Trouble had just ridden in in a cloud of dust and on a horse that was lathered from its run.
A smile curved on lips that were perhaps a little too lush for a male face even as intelligence and grim amusement gleamed in dark eyes; she knew what a Union solider riding at such a pace meant after the last year of her life. But it was doubtful others here would. Edmund or rather, to the few who knew, Emily MacLyone was one of the few crazy souls brave enough to be a Special Artist for magazines in New York and other cities in the North. It was her job to be able to sense when trouble might be coming, battles and the like, and to capture said battles in her sketches to be sent off via courier to the North. She had a better cover story then most in some ways, seeming to be a wealthy young man with merchant connections that traveled along the battle lines, sometimes offering deals to either army to seem a neutral and sending back orders and packages of notes to the MacLyone merchant base in the big bad city.
It had kept her out of trouble with the rebels more then a handful of times after all, the willingness to barter and do trade with them because not many merchants from the North would anymore and most industry came from the North. Her brother, Nigel, the second eldest, had insisted on the set up as a safety feature for her to carry out this 'mad' act in the battlelines and it hadn't costed her much to agree. The important thing to her was that she felt alive, that she did something of meaning, and most wonderfully she was utterly out of reach of her mother's managing here. No one would think of finding the delicate, if vivacious Lady Emily MacLyone on a battlefield, least of all Annabelle MacLyone.
Having been settled up in tree branches, watching the road when the Union man road in she closed her sketch book and tucked her pencils into her folding case before swinging down to the ground. Sketching birds and the trees had seemed a good way to pass the day while waiting for news. Her brothers and her publishers had been quite clear that she wasn't to cross out of Union territory and she had been here two days so far, enjoying the surprisingly quiet countryside. It wouldn't be quiet much longer she would bet. Standing she was of no great height, simply five feet with five inches in addition and she looked like most artist's these days she bet, thin, active, nondescript. Clothing was all in shades of grey, brown and green after all, the better to hoist herself up in trees and be unnoticed. Her gray cap she settled jauntily on her head, stuffing most of her wispy golden hair up into it even as a hand brushed off her trousers and she headed for the tap room to observe the new comer. It wasn't often she encountered just a scout of the Union so a few sketches of him wouldn't go amiss to Harper's Weekly, they liked everyday men after all.
Boot clad feet carried her inside, lashed fluttering and then squinting in the dim light to adjust more swiftly to the change. Sure enough he was there, the scent of horse flesh and leather marking him out to her nose first as she settled at a table. A barmaid appeared and gave her a smile that Em worked to return with casualness she didn't feel.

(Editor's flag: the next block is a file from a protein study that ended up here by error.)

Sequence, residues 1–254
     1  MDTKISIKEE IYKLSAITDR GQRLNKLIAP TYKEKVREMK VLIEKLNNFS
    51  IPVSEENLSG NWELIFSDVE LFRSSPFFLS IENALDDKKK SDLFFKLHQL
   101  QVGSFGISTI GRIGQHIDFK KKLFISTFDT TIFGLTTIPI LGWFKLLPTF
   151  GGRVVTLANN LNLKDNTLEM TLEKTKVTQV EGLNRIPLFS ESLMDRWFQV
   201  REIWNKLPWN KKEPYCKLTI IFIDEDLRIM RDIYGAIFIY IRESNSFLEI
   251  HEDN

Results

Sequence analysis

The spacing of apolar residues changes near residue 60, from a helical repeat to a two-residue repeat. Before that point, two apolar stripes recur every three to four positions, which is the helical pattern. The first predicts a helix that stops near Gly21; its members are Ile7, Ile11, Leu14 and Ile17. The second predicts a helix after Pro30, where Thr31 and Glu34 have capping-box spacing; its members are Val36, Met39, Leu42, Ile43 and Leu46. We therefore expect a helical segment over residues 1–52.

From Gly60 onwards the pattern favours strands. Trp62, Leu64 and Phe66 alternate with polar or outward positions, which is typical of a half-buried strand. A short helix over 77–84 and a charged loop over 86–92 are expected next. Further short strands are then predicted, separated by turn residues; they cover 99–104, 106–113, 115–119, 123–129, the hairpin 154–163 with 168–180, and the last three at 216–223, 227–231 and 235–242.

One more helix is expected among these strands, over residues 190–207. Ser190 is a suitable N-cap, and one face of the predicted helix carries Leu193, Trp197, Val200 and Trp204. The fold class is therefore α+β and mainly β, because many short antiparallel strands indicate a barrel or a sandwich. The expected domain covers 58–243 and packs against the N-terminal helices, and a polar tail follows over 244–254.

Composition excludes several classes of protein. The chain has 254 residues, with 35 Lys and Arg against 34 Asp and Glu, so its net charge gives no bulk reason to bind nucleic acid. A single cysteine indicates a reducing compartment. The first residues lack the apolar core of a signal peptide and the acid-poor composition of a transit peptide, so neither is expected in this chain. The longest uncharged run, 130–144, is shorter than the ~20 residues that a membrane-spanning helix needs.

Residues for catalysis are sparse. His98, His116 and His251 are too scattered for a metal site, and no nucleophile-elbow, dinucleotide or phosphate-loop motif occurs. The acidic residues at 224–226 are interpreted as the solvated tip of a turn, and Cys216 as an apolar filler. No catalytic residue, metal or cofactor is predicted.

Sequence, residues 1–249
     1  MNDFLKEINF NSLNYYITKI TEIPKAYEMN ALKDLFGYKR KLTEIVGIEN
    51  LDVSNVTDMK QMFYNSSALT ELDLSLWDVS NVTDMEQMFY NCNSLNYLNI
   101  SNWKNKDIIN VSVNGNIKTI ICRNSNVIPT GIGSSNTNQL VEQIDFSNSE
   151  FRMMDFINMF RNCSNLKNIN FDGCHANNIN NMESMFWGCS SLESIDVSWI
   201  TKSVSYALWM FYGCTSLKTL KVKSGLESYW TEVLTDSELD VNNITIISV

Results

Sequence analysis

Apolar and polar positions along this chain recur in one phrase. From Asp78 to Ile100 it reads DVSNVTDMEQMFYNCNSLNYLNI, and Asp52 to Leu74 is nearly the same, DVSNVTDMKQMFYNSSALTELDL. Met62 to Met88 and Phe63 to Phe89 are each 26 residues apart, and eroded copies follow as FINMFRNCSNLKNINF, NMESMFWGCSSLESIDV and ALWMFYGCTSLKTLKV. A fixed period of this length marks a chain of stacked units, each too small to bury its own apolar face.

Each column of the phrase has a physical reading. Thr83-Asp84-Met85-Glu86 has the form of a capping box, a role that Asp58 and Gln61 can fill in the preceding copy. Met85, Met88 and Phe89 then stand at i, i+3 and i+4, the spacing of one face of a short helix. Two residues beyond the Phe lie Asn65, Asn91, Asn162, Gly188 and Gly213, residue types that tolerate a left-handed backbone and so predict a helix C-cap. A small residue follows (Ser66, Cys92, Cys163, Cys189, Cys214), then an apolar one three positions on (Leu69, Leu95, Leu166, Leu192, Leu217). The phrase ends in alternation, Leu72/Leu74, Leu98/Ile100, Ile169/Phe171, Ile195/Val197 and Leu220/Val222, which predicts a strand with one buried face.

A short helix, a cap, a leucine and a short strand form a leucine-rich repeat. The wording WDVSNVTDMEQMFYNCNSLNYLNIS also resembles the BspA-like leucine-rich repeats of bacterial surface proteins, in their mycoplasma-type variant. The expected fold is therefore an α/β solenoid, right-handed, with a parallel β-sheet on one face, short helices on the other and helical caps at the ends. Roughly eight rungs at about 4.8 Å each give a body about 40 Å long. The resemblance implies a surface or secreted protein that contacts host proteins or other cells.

"What can I get you Mr. MacLyone?" The woman's tone was flirty, purring almost really. Good thing her brothers had ruined her of blushing years ago elsewise this woman, attempting to seduce a younger man into her bed, and likely his money too. Women flirting with her was the most awkward bit of her masquerade.
"Some water, please, and whatever the cook has handy to nibble on." With a nod and a lingering smile the woman left and Em shook her head, her nose wrinkling slightly in annoyance. She had better things to focus on then a flirt. Her pad went open again and she pulled out the graphite, eyes covertly observing the solider from beneath her lashes as her hands moved swiftly. It took her all of a minute to capture the mood of him, and perhaps another to detail his face enough that she had captured him. She loved working with her hands, proving her skill to the world at large. And as annoying as her charade was at times she was very well aware that a woman would not be allowed to ride through the frontlines, barter with the Feds, drink with the Union men, wear trousers, climb up trees or see anything that looked like death. Women's lives were truly dull, and she had fled the 'safe haven' of marriage the same time she had fled England and her mother.
The maid appeared with her food and drink and a hand dipped into her pocket to pull out money for it with a tip, less reason for the woman to linger. Her dark gaze was fixed on the scout, "Where do you ride then solider man?" Pitching her voice lower for a man wasn't that difficult for her, her voice was naturally a contralto and had decidedly worked against her as a delicately built, blond haired lady by startling men. Now it was a strong point of her disguise. Funny how life worked. Her fingers moved still, lazily now capturing his pose of talking to the inn keeper even as her free hand reached for her mug of water. If Feds were coming she'd either need to invest in a place to hide or ride north. North would make the most sense, it was doubtful they would pitch a battle here and battles were what she was meant to observe.